Antoine Dauvergne – Jean Joseph Vadé
LES TROQUEURS / THE BARTERERS / HANDLÍŘI
Robert Hugo – artistic director
Magdalena Švecová – stage director
František Dofek – choreographer
Marie Fajtová – Fanchon
Zuzana Benešová – Margot
Daniel Kfelíř – Lubin
Tomáš Votava – Lucas
Alla Danza Brno Baroque
Antoine Dauvergne (1713–1797) was born in Moulins in the province of Auvergne, France. He probably received his initial violin training from his father. In the late 1730s, he moved to Paris, where he gained recognition as a performer and composer (his mentor was Jean-Philippe Rameau). The majority of his early works were written for the chamber formation made up of the violin and basso continuo instruments, in line his own inclination, as well as with a view to meeting the demand on the printed sheet music market. In 1751, Dauvergne was promoted from the post of the violinist to the director of the Académie royale de musique (the name of the Opéra de Paris prior to the French Revolutin), as a result of which he was afforded the opportunity to compose stage works. He created ballets and operas, primarily the grand-scale five-act tragédies lyriques, but his oeuvre also contains cantatas, motets, violin and trio sonatas. The greatest acclaim and popularity from among his pieces was earned by his 1753 one-act comic opera Les Troqueurs. Until the late 1780s, Dauvergne’s career was thriving, as he occupied prominent positions at the major French music institutions. In addition to heading the Académie royale de musique, between 1762 and 1773 he served as the director of the Concerts spirituels, an influential public concert series, attended by the French aristocracy, wealthy bourgeois and foreign visitors to Paris. His career was cut short in 1789 by French Revolution, which led to dramatic social changes. In 1790, Dauvergne moved from Paris to Lyon, where he would spend the rest of his life.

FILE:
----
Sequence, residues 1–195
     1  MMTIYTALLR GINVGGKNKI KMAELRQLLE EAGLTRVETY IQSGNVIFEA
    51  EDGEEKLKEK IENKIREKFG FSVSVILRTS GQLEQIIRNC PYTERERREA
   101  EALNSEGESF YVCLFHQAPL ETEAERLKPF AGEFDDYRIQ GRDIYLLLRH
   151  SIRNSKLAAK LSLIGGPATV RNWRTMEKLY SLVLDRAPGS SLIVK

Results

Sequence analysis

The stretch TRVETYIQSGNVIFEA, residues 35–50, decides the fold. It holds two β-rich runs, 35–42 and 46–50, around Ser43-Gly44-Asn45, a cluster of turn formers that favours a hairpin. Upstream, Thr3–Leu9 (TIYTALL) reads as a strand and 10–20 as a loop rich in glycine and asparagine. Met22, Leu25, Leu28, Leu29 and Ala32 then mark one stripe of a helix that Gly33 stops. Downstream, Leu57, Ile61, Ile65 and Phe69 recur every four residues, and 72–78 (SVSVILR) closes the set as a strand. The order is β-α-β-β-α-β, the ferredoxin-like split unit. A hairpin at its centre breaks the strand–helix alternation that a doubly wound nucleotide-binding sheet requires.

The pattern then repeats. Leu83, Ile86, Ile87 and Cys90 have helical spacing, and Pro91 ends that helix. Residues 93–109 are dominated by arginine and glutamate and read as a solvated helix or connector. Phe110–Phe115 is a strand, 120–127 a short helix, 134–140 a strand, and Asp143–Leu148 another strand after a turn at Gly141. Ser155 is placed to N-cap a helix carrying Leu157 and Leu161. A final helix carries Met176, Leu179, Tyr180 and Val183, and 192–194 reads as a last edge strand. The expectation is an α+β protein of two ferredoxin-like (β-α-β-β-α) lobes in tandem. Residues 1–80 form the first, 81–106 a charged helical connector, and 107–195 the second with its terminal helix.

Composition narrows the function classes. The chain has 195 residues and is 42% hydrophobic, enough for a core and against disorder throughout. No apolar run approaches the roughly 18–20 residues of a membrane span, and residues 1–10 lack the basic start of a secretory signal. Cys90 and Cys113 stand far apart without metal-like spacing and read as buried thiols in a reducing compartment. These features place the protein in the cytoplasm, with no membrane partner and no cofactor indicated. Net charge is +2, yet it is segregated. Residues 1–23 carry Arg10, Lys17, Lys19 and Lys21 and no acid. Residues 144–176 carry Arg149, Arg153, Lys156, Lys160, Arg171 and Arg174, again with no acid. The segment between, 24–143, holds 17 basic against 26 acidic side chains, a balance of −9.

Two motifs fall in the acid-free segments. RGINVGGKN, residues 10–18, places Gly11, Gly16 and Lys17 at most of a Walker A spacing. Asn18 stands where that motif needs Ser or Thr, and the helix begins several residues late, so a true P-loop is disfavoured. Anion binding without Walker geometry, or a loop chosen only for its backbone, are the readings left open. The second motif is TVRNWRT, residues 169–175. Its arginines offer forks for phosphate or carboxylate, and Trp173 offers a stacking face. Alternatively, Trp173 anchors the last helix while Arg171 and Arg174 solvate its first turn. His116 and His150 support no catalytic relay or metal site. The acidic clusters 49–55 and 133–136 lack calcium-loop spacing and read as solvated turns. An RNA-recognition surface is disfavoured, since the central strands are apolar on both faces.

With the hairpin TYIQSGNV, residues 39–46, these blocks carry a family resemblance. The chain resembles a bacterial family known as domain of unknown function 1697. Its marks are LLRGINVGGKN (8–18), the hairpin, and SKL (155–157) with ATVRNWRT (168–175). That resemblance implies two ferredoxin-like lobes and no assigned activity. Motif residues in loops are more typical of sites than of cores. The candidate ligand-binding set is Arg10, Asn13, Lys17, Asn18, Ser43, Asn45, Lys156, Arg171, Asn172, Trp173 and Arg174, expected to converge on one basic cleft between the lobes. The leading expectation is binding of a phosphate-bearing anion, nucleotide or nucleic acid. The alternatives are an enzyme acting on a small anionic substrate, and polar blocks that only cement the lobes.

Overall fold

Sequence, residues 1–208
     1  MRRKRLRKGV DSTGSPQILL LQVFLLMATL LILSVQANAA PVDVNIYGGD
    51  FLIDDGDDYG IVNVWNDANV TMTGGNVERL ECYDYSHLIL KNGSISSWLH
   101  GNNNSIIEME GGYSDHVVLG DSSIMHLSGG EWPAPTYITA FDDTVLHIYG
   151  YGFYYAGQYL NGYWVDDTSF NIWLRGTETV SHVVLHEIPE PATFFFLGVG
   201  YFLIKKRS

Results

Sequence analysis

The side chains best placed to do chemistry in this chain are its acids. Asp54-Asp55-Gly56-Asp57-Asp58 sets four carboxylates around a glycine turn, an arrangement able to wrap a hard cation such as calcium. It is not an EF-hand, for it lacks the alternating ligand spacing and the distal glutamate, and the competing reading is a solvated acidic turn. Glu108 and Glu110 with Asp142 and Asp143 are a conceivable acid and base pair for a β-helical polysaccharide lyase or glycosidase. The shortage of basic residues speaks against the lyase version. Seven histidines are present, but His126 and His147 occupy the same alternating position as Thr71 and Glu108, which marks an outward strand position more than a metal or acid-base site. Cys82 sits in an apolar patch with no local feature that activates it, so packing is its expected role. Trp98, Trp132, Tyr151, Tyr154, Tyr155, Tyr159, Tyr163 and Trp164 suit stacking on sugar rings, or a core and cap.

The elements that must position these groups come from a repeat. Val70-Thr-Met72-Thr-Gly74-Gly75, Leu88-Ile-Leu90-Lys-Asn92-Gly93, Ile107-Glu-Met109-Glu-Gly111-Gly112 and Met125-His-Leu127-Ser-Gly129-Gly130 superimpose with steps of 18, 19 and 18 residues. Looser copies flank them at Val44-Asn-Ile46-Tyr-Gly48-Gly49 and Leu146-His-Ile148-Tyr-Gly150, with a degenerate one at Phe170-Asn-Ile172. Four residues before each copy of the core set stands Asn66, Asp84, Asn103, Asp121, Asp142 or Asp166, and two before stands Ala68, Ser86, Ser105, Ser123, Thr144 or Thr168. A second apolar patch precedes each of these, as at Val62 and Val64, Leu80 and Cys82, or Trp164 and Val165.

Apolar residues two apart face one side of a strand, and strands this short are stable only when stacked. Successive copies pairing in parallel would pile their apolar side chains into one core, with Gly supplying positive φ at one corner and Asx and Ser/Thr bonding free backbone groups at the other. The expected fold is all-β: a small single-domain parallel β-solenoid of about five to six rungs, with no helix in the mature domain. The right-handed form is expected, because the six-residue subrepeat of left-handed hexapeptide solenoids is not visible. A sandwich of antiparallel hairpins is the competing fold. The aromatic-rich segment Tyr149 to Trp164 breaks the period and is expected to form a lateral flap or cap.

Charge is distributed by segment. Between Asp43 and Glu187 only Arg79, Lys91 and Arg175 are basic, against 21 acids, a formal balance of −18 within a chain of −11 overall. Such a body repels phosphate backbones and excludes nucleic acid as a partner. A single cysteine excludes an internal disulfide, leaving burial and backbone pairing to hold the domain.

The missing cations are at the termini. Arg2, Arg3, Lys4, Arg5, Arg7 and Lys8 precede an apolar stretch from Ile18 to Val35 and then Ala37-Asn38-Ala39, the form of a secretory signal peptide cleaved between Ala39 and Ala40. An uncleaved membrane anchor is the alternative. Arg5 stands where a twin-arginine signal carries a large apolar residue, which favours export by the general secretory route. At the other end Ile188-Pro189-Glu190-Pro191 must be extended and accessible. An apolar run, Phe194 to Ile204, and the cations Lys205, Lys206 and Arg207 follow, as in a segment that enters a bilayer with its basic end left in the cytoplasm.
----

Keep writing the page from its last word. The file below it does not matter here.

With regard to his professional path, it is rather paradoxical that Dauvergne did not create his most lauded and most noted opera for the prestigious Académie royale de musique, but for the much humbler (competing) Théâtre de la Foire Saint-Laurent, one of the two venues used by the Opéra-Comique, which in 1714 acquired a licence to perform on its stage comedies with inserted songs and dance scenes. Unlike the performances at the theatres founded by the king (Comédie-Française and Académie royale de musique), the shows hosted at the Théâtre de la Foire Saint-Laurent were attended by lower-class, and more heterogeneous, audiences. Accordingly, the operas it staged were mainly simple-structured, with their musical numbers not being original, but taken over from vaudeville comedies and supplied with new texts. Owing to its quality, Dauvergne’s Les Troqueurs was exceptional in this respect, and is deemed to be a landmark work in the French comic opera tradition. To a large extent, it was a positive outcome of the “Querelle des Bouffons”, a battle between rival musical philosophies in Paris, which was sparked by the reaction of the local literary circles to a performance of Giovanni Battista Pergolessi’s buffa La serva padrona by an itinerant Italian troupe at the Académie royale de musique in the summer of 1752. The show was a triumph, yet it also gave rise to a controversy between the defenders of the French operatic tradition and the champions of Italian music, who attacked the stiffness and artificiality of tragédies lyriques. Even though the criticism mainly aimed at tragedy, it would soon include French opera in general.